Super Bowl: Green Bay Packers hold on to beat Pittsburgh Steelers, 31-25; Aaron Rodgers is MVP

With victory against the Steelers, Green Bay captures its fourth championship.
Washington Post Staff Writer
Monday, February 7, 2011; 12:34 AM

ARLINGTON, TEX. - The Green Bay Packers recaptured their glorious past and returned to the top of the football world here Sunday evening. They sprinted to a first-half lead, withstood a comeback bid by the Pittsburgh Steelers and held on to win, 31-25, in Super Bowl XLV at Cowboys Stadium.

Quarterback Aaron Rodgers threw three touchdown passes, two of them to wide receiver Greg Jennings, as the Packers captured their fourth Super Bowl title and 13th NFL championship including the pre-Super Bowl era. They handed the Steelers only their second Super Bowl defeat in eight appearances.

"It was a special night tonight," said Rodgers, who completed 24 of 39 passes for 304 yards and was named the game's most valuable player. "We've been through a lot this year. To be able to finish it like this was really something special."

Rodgers threw first-half touchdown passes to wide receiver Jordy Nelson and Jennings as the Packers crafted a 21-3 advantage. Safety Nick Collins added a touchdown on an interception return. The Steelers got to 21-17 on a touchdown pass from quarterback Ben Roethlisberger to wide receiver Hines Ward in the final minute of the first half and a third-quarter touchdown run by tailback Rashard Mendenhall.

The Packers briefly got some fourth-quarter breathing room on Jennings's second touchdown catch, but Roethlisberger's 25-yard touchdown pass to wide receiver Mike Wallace and a two-point conversion run by wideout Antwaan Randle El on an option play got the Steelers to 28-25 with about 7 1/2 minutes to play.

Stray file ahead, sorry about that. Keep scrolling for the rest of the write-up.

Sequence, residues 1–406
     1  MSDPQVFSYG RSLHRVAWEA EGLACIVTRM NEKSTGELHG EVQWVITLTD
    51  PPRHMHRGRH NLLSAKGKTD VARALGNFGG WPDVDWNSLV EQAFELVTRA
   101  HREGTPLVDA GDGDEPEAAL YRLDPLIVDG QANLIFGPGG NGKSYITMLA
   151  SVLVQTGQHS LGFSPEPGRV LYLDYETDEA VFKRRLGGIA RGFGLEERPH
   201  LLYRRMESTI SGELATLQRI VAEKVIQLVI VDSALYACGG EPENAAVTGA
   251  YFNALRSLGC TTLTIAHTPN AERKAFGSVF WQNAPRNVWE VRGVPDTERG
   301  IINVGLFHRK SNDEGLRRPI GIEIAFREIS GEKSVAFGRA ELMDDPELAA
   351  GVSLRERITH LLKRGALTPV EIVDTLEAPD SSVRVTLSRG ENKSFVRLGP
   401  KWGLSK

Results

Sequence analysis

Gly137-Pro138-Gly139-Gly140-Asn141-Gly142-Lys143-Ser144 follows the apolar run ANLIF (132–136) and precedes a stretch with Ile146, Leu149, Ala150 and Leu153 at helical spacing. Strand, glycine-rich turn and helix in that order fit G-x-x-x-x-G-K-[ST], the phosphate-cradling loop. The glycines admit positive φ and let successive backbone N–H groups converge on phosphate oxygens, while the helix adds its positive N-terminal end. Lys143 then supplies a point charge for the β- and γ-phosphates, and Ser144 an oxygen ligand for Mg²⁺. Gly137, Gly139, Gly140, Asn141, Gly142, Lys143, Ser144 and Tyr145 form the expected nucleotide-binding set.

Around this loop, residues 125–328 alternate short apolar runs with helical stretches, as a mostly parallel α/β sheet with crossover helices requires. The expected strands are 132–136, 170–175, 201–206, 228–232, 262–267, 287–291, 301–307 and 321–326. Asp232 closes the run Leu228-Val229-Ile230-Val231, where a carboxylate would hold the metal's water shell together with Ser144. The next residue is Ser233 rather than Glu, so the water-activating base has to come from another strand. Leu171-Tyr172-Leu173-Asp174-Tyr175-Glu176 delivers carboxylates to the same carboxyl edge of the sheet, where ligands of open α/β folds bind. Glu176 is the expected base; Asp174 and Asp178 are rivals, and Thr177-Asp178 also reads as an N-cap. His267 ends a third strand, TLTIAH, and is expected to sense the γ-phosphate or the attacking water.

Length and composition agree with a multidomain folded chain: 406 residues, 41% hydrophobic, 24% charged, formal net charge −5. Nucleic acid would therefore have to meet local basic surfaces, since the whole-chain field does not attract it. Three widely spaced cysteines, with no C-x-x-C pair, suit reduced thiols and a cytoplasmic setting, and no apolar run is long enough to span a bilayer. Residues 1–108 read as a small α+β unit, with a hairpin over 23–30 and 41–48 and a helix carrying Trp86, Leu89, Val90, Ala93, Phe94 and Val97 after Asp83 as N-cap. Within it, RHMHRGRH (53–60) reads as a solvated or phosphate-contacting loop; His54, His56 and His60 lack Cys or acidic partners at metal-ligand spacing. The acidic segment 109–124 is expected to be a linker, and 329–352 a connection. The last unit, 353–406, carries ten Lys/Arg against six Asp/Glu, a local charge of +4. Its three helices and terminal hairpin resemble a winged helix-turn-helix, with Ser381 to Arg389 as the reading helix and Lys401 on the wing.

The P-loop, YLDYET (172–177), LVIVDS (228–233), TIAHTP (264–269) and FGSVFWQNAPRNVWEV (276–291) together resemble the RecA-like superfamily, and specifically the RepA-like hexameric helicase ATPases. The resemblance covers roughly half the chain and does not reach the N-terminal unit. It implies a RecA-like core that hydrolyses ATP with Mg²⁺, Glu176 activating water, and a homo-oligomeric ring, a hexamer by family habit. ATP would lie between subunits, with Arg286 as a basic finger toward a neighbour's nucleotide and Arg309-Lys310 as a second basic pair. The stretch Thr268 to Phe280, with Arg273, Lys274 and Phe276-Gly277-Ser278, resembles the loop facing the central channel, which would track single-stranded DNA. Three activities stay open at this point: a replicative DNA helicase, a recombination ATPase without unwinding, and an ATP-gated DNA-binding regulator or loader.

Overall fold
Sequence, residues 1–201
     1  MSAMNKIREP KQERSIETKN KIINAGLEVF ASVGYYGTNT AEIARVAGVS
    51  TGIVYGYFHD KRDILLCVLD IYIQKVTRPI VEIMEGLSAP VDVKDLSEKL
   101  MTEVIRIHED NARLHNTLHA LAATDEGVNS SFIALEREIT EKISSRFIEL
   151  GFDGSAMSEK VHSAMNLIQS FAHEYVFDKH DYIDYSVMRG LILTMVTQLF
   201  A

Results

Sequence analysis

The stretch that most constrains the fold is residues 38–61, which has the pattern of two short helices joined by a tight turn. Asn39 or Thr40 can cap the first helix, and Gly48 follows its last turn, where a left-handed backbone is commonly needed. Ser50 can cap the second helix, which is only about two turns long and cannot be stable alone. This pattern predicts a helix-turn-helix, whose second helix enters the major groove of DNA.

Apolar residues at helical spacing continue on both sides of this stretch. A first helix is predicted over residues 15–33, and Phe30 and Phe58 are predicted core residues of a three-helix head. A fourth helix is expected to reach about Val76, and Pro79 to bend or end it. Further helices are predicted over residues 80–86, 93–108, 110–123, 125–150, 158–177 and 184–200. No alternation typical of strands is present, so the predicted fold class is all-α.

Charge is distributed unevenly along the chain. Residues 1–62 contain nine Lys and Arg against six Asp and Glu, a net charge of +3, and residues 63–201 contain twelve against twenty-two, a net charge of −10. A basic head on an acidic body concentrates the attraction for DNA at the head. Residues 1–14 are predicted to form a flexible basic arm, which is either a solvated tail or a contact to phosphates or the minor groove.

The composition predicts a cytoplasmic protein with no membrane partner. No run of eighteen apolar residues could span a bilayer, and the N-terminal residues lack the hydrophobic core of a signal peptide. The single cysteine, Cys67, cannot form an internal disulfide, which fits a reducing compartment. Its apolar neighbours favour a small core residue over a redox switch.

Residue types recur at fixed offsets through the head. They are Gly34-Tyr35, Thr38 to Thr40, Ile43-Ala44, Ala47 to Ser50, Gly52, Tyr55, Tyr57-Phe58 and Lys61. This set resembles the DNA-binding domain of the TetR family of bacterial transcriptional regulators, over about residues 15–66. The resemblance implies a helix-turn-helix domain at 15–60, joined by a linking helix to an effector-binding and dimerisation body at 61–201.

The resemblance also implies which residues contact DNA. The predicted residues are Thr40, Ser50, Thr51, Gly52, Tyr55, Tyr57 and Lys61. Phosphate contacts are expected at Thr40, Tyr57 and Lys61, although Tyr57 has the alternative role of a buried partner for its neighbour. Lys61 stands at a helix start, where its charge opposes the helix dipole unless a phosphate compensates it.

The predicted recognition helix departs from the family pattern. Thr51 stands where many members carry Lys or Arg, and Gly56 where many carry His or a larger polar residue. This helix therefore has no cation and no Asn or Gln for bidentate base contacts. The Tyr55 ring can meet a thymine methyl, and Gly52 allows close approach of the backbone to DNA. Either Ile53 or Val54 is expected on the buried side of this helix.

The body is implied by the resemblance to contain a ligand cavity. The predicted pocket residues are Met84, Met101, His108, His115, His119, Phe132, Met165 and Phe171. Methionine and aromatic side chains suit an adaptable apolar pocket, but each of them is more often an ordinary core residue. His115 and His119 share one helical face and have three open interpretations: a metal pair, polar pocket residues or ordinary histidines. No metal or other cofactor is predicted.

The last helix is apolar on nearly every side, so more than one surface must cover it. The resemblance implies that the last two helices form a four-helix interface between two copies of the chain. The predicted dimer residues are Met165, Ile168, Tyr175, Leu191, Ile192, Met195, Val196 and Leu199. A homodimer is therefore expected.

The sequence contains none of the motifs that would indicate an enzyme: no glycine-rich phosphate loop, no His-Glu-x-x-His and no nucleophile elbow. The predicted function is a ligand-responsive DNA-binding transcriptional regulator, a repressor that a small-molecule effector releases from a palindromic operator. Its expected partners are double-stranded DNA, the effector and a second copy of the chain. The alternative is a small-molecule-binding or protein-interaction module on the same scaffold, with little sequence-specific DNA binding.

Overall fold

A 23-yard field goal by place kicker Mason Crosby with 2 minutes 7 seconds left upped Green Bay's lead to six points. The Steelers' final attempt for a record-setting comeback ended on Roethlisberger's fourth-down incompletion with 49 seconds to go.

"It's very disappointing," Steelers linebacker James Farrior said. "We didn't play as well as we should have - way too many mistakes. When you're playing in the Super Bowl, you're playing against a good team and you can't make that many mistakes. They created three turnovers with their defense and we didn't create any."

The Steelers couldn't overcome their three turnovers, two first-half interceptions thrown by Roethlisberger and a fourth-quarter fumble lost by Mendenhall.

"Personally, I feel like I let a lot of people down," Roethlisberger said.

The game was played before 91,060 paid customers, including those standing outside on a plaza. The NFL announced that, including those with credentials, there were 103,219 on hand to watch, just shy of the Super Bowl attendance record.

The Steelers were playing in the Super Bowl for the third time in the past six years. The Packers were back on the sport's biggest stage for the first time since losing to the Denver Broncos on Jan. 25, 1998, in the second of consecutive Super Bowl appearances under former coach Mike Holmgren and then-quarterback Brett Favre. To get here, the sixth-seeded Packers beat the top three seeds in the NFC playoffs, all on the road.

Packers Coach Mike McCarthy had his players fitted for their prospective Super Bowl rings Saturday night as a motivational ploy.

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